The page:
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Research Review By Dr. Michael Haneline©

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Date Posted:

March 2021

Study Title:

Clinimetric properties of sacroiliac joint mobility tests: A systematic review

Authors:

Klerx S, Pool J, Coppieters M, Mollema E & Pool-Goudzwaard A

Author's Affiliations:

HU University of Applied Sciences Utrecht, Institute of Movement Sciences, Utrecht, the Netherlands; The Hopkins Centre, Menzies Health Institute Queensland, Griffith University, Australia; Faculty of Behavioral and Movement Sciences, Vrije Universiteit, Amsterdam, the Netherlands; SOMPT University of Physiotherapy, the Netherlands.

Publication Information:

Musculoskeletal Science and Practice 2020; 48: 102090. https://doi.org/10.1016/j.msksp.2019.102090.

Background Information:

Sacroiliac joint (SIJ) pain is a common type of mechanical low back pain that is thought to affect 15-30% of persons with chronic, non-radicular low back pain. SIJ dysfunction refers to abnormal anatomy and/or biomechanical function in the form of either hypermobility or hypomobility of the SIJ.

Assessment of the SIJ generally includes two categories of clinical tests:
  1. Pain provocation tests: which have shown poor reliability and validity in systematic reviews; and
  2. Dysfunction (or mobility) tests: which are designed to assess altered SIJ mobility, although these tests also have not demonstrated satisfactory reliability and validity.
Previous reviews have questioned whether SIJ mobility tests are of any value in clinical practice; however, the most recent review was published nearly 20 years ago, and any recent studies were therefore not included.

Therefore, the objective of this study was to conduct an up-to-date systematic review to verify whether recommendations regarding the use of SIJ mobility tests should be revised regarding clinimetric properties, including reliability, validity and responsiveness, in people with non-specific low back pain, pelvic girdle pain and/or SIJ pain.

Pertinent Results:

After the screening of 1381 articles that were found during the literature search, removing duplicates, and following full-text assessment, 12 studies met the inclusion criteria. Eleven studies considered the reliability and two studies the validity of SIJ mobility tests. As a refresher – reliability refers to the reproducibility of the clinical test and validity refers to whether a given test measures what it claims to measure.

Only three reliability studies (1-3) were found to be of fair methodological quality. The other reliability and validity studies were considered to be of poor methodological quality and therefore were excluded.

The level of evidence found in the three studies with fair methodology was considered to be low. In addition, the reported level of evidence for the Gillet test was conflicting. No study assessed validity.

The following SIJ mobility tests were assessed for inter-tester reliability (i.e. can two testers reach the same conclusion):
  1. Click-clack test (patient sitting, movement of the left and right posterior superior iliac spine [PSIS] is assessed when the patient moves the trunk from lordosis to kyphosis) was reported to have substantial agreement (κ: 0.61 to 0.80).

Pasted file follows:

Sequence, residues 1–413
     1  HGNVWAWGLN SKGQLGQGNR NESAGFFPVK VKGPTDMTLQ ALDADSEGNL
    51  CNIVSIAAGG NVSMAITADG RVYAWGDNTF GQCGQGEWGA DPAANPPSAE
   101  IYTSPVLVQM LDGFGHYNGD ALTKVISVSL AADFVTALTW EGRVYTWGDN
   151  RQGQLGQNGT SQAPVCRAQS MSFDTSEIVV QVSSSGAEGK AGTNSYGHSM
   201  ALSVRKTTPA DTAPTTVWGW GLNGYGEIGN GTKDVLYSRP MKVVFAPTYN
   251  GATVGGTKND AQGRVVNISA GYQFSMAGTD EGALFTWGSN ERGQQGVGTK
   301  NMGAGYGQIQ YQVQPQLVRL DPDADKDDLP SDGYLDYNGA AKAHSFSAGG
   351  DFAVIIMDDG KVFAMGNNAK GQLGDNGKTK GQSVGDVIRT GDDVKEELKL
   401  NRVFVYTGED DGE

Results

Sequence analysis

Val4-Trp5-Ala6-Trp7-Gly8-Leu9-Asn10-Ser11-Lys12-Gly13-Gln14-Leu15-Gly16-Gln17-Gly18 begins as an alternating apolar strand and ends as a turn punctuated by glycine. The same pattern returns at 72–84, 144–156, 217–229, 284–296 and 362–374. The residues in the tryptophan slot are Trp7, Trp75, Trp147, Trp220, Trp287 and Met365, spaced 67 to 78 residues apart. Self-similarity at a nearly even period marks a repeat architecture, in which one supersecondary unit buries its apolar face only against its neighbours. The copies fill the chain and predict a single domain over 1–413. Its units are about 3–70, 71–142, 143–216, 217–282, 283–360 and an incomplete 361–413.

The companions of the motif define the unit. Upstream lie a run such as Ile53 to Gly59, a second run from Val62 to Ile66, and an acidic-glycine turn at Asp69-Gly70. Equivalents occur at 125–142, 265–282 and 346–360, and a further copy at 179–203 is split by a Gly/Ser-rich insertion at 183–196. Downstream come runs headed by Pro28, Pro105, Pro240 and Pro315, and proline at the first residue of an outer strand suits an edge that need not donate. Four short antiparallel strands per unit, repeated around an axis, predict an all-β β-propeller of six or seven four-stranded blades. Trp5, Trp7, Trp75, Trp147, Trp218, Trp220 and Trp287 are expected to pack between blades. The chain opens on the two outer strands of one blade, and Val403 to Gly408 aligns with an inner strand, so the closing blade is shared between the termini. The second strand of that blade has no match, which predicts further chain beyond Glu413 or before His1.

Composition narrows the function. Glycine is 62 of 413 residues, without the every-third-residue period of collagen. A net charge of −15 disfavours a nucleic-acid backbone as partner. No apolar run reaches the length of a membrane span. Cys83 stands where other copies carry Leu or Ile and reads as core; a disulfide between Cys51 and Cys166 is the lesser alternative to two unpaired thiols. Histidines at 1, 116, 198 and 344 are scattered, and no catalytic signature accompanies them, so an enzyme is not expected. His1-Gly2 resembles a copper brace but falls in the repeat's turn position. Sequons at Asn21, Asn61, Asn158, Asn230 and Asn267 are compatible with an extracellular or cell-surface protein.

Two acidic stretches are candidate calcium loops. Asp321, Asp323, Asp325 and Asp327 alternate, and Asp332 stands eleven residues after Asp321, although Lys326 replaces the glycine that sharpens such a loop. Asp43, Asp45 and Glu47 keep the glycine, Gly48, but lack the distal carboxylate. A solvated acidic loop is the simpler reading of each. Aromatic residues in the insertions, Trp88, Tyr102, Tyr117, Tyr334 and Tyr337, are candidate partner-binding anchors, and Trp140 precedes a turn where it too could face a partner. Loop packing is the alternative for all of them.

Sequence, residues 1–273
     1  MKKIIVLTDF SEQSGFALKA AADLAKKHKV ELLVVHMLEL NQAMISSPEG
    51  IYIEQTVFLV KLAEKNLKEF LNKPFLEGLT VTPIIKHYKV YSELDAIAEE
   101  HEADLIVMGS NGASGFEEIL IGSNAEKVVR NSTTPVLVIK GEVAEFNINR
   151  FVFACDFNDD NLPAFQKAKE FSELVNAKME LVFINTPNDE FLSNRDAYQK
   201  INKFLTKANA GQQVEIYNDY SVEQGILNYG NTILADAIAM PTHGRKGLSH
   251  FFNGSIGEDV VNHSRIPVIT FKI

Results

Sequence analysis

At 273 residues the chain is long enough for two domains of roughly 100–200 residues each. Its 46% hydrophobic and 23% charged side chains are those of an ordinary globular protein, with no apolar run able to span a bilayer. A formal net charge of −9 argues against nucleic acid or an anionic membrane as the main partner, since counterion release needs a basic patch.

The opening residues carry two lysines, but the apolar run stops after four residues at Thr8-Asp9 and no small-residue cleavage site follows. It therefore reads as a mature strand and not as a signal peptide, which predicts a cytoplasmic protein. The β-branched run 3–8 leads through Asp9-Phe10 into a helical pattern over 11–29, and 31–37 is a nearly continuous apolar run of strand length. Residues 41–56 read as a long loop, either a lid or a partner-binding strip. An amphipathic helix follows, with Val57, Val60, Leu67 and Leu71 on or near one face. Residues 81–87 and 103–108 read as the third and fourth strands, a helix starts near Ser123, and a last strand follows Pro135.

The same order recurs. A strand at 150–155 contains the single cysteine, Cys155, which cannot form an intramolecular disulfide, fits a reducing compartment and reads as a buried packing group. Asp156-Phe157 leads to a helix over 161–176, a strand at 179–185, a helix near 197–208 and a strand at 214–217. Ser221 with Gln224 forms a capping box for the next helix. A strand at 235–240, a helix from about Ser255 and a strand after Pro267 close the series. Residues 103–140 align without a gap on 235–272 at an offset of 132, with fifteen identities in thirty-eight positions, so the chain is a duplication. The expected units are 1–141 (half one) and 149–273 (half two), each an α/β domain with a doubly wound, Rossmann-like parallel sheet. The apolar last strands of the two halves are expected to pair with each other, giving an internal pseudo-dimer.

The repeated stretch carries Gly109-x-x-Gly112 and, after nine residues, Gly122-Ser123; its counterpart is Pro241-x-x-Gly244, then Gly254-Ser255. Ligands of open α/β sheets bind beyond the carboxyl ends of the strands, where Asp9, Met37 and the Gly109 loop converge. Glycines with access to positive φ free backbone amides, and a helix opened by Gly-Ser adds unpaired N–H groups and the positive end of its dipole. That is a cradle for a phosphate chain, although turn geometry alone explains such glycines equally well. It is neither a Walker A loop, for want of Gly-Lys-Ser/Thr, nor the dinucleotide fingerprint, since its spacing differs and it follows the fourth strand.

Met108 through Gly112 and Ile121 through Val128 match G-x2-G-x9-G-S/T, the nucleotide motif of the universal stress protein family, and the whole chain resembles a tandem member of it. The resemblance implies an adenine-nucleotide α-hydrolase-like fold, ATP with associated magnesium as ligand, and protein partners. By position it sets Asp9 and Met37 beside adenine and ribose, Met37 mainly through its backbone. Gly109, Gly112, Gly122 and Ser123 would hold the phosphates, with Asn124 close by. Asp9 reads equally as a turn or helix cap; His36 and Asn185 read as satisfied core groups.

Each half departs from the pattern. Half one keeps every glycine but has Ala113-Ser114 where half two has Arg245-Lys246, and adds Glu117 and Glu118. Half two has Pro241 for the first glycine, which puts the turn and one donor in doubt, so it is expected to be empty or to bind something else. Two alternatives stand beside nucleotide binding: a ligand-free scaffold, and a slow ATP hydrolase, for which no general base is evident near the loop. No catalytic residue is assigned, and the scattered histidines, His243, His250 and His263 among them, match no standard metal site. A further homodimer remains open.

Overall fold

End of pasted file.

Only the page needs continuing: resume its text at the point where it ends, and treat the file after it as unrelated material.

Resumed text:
2. Standing flexion test (patient standing, SIJ movement is assessed while the patient bends forward) moderate agreement (κ: 0.41 to 0.60).
  3. Seated flexion test (patient sitting, SIJ movement is assessed while the patient bends forward) had substantial agreement (κ: 0.61 to 0.80).
  4. Gillet test (patient standing, SIJ movement is assessed while the patient lifts the opposite knee toward the chest) had slight agreement in one study and fair agreement in another study.
  5. Prone knee flexion test (patient prone, leg length discrepancy is compared between test positions) had fair agreement (κ: 0.21 to 0.40).
  6. Heel-bank test (patient sitting, SIJ movement is assessed while the patient places one foot on the treatment table) had fair agreement (κ: 0.21 to 0.40).
  7. Abduction test (patient side-lying, a discrepancy in load transfer is assessed) had fair agreement (κ: 0.21 to 0.40).
  8. Thumb-posterior superior iliac spine (PSIS) test (patient sitting, the position of the PSIS was measured on a horizontal line in relation to each other) had fair agreement (κ: 0.21 to 0.40).
A cluster of SIJ mobility tests (Gillet test, standing flexion test, seated flexion test and the prone knee flexion test) was examined for inter-tester reliability. The test cluster showed higher reliability as compared to the individual tests.

Clinical Application & Conclusions:

Based on reviews published almost 20 years ago, the latest clinical recommendation does not support the use of SIJ mobility tests due to poor clinimetric properties (4-5). Similarly, the authors of this current review concluded that the previous recommendation remains the same – that SIJ mobility tests should not be utilized in clinical practice.

Even though Arab et al. (3) reported reliability for individual SIJ mobility tests as fair and moderate, the authors of this review were critical because the corresponding confidence intervals were very wide. Wide confidence intervals indicate general imprecision of the estimate, which questions the reproducibility of the reported reliability values.